No, it seems that the 528hz claim is either completely made up, or at best based off of recordings artificially adjusted to be heard by humans. The Sun simply doesn't oscillate that quickly or that consistently for the claim to be believable.
Why 528hz is not realistic: Helioseismology is both an awesome word and the research field concerned with studying the internal structure of the Sun through its oscillations. These oscillations operate as fairly regular waves that travel throughout the sun, and 'fairly regular waves' is essentially what sound is.
However, as explained at this Stanford site(careful, it automatically downloads a sound file of the Sun for some reason), there are many overlapping waves moving through the Sun and they take hours to complete a cycle.
Because of the time it takes the waves to travel through the interior of the sun, the oscillations are measured in the milli- or micro-Hertz, several orders of magnitude smaller that 528hz. This paper describes how the largest interior solar oscillations aren't more than a few millihertz:
The Sun's oscillations are observed in line-of-sight Doppler velocity measurements over the visible solar disk, and also in measurements of variations of its continuum intensity of radiation caused by compression of the radiating gas by the waves... The largest-amplitude modes have frequencies of around 3 mHz.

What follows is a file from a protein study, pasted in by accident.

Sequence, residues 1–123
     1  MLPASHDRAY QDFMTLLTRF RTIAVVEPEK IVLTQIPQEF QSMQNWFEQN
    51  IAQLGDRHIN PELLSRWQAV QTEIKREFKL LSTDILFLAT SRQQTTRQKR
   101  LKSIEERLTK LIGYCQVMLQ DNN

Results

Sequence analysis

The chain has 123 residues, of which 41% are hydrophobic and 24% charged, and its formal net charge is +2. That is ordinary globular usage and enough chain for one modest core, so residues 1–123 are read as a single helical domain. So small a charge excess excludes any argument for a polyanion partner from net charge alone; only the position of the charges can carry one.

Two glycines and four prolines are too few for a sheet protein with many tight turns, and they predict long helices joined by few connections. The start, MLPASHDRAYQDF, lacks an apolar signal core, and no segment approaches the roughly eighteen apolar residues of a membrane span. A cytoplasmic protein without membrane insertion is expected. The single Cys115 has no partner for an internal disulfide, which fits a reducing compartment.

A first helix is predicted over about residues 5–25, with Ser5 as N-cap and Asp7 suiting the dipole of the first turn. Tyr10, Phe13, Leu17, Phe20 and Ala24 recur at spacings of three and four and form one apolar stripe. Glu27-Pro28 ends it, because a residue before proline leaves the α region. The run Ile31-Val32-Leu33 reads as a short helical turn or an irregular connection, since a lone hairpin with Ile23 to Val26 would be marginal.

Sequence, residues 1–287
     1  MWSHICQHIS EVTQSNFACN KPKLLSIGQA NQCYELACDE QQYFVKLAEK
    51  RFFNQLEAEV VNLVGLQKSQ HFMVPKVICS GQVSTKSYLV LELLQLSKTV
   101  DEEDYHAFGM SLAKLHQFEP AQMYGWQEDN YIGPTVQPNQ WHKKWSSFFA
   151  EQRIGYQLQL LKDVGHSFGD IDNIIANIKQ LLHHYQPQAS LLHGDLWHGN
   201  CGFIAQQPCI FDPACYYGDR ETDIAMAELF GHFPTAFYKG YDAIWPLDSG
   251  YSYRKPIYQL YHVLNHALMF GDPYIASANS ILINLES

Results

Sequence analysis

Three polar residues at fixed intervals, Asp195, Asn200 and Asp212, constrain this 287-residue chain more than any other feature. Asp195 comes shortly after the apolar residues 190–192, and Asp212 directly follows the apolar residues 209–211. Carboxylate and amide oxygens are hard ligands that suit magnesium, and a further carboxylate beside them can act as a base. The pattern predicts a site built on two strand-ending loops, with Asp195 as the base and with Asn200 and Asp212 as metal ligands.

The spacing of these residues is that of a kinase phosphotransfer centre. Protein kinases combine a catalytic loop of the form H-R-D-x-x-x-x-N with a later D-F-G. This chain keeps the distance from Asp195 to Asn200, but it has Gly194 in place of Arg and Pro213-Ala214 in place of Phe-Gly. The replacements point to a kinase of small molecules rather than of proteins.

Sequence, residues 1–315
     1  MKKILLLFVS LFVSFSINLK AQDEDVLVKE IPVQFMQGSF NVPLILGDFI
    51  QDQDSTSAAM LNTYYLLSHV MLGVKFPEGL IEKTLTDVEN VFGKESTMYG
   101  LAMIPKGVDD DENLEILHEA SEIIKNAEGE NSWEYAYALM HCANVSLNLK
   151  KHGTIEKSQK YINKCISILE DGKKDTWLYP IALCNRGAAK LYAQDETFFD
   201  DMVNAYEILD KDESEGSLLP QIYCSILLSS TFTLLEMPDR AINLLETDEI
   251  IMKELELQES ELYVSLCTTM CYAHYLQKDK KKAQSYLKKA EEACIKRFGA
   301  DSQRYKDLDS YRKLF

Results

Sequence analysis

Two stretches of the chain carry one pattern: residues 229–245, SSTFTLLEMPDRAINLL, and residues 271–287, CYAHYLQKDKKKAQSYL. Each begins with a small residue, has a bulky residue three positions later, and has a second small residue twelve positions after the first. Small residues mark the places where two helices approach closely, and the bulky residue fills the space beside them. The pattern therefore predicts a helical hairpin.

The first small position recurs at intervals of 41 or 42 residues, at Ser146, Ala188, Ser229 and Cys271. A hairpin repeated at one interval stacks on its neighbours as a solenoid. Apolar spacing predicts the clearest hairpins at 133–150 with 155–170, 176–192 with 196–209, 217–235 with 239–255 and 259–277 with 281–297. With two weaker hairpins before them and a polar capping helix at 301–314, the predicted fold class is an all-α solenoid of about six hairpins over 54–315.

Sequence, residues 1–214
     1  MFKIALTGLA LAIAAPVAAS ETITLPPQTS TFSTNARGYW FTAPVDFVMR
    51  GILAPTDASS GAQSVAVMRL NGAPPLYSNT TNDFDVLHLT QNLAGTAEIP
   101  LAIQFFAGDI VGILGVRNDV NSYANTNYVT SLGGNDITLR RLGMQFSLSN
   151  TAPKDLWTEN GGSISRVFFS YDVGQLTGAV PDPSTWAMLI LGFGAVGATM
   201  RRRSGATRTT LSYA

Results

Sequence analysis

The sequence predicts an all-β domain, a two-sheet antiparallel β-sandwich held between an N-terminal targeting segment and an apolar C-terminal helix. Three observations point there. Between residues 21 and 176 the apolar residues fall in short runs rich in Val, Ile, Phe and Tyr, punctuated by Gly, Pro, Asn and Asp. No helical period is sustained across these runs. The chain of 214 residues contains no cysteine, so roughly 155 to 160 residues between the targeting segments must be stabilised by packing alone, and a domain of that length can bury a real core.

This paper gives similar values in its abstract:
...from 1,000 to 4,000 µHz, the spectral lines closely match the frequencies of known solar pressure modes.
To reach a 528hz frequency, these waves would have to complete their trip through the Sun 528 times per second, not once every few hours. I haven't done the math, but I assume a million kilometers per second is a bit above the speed of sound within the Sun.
Possible origin of the claim: I couldn't find any NASA papers discussing 528hz and the Sun. The only potential source of the claim that I could find are videos of sped-up recordings of these waves, such as this video. Part of the first sound clip does sound a bit like 528hz(it's basically that classic 'Om' sound you hear from people meditating). However, as explained on the Standford site, these 'sound recordings' are weeks worth of oscillations compressed into a few seconds of video, and it's a small segment of the many, many waves travelling through the Sun at any time.
Considering the other flowery, exaggerated, and unsourced claims on the site, it can be safely assumed that this claim is equally without merit.